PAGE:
While on the slopes, skiers need to take special precautions to protect their lips against cold sores, says a Chicago dentist.
"Skiers need to constantly apply and reapply lip balm, ointments and even lipstick to decrease the chance of sun-induced cold sores," says Cheryl Watson-Lowry, D.D.S., a general dentist who practices on Chicago's South Side. "Skiers who are very active during the winter months should apply a sunscreen of at least 15 SPF or higher and they should reapply it frequently. Ski masks also are effective ways to block the elements and protect the lips. Lips are hard to protect because we constantly lick, rub or wipe them, which removes any protection and leaves them exposed to the wind, cold and the sun."
Cold sores look like a small cluster of blisters and they occur on the gums, roof of the mouth, nose and lips. Unlike canker sores, they can be contagious because these inflammatory lesions are believed to be caused by the same virus that causes herpes symptoms. Cold sores tend to appear in the same place and usually clear up on their own within 10 to 14 days.
The same ultraviolet rays that cause sunburn can trigger an outbreak of cold sores. Scientists and researchers are not yet sure how UV rays promote cold sores, but they believe the rays are responsible for lowering the immune response of exposed skin cells.
Dr. Watson-Lowry says that as much as 20 percent of Americans suffer from cold sores brought on by weather, citrus fruits, spicy foods, mild tissue injury or stress factors.
"Cold sores can be painful but are a cause for concern because they are contagious," says Dr. Watson-Lowry. "One solution for people who suffer from cold sores is to try a mouth rinse or toothpaste that contains triclosan, which is an antimicrobial agent with anti-inflammatory and analgesic effects that ease the symptoms. Researchers believe that when triclosan dissolves in the oral cavity, it stabilizes and protects cells from irritating agents and bacteria that might cause cold sores. Look for triclosan on the product's packaging."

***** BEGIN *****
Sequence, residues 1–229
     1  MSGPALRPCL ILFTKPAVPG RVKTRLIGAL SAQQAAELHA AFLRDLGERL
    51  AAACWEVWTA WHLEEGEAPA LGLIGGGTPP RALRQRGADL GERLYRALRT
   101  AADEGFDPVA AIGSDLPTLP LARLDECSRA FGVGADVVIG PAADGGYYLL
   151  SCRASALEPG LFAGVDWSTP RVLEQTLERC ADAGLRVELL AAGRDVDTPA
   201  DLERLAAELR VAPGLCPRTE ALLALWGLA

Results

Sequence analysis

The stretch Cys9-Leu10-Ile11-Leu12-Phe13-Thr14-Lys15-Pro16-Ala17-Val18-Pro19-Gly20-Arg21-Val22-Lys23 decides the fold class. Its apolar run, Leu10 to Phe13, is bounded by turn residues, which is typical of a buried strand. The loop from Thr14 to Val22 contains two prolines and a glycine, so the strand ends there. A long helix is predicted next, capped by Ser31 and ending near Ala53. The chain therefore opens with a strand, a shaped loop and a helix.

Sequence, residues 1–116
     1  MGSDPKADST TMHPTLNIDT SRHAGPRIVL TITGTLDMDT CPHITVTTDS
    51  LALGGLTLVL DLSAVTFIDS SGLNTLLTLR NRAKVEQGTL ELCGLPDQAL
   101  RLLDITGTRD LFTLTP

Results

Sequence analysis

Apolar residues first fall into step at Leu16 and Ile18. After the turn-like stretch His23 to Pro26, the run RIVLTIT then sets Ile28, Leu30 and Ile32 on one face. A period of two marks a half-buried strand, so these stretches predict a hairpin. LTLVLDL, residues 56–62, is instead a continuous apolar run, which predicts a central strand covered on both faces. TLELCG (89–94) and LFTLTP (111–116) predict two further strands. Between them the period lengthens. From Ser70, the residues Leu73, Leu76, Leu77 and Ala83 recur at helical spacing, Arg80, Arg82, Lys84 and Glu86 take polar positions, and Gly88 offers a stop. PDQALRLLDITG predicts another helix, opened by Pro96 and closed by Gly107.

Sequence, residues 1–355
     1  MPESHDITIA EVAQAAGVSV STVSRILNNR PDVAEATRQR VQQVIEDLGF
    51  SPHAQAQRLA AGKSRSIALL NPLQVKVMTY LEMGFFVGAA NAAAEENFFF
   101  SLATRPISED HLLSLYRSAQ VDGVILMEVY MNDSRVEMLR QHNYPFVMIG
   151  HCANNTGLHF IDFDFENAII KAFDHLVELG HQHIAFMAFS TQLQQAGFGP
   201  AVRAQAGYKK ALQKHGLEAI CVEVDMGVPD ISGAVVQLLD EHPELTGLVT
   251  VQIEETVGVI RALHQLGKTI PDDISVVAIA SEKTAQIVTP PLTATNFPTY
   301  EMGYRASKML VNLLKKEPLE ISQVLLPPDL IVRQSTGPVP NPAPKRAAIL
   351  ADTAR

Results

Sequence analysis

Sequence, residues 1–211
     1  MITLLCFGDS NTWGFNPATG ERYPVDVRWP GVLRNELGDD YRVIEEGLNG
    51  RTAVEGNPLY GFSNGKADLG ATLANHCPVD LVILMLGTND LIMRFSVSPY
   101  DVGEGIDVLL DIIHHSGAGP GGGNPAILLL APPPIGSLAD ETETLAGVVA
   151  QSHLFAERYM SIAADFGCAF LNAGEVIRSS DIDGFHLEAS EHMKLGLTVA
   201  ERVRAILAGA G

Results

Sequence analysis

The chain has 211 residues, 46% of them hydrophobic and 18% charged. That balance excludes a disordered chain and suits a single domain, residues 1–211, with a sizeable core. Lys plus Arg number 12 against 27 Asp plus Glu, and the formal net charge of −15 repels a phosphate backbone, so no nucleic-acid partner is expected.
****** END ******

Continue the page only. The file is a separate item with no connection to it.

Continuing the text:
Dr. Watson-Lowry says that people who suffer from persistent cold sores should see their dentists for different dental treatments options. "If you have one or more persistent lesions that last longer than two weeks, especially if they are not painful, schedule an appointment with a dentist for an evaluation. Most people don't think to have their lips checked by a dentist, but it is entirely appropriate. Dentists are very familiar with this territory."
Skiing vacations don't need to be interrupted with lips that are cracked, swollen, tender or covered with cold sores, says Dr. Watson-Lowry. "Protect your lips and spend your time worrying about breaking a leg," laughs Dr. Watson-Lowry.
Remember, only a dentist can diagnose your dental problems and offer the right treatment plan for you. If you need a dentist, call us at 1-866-970-0441 to be connected with one today.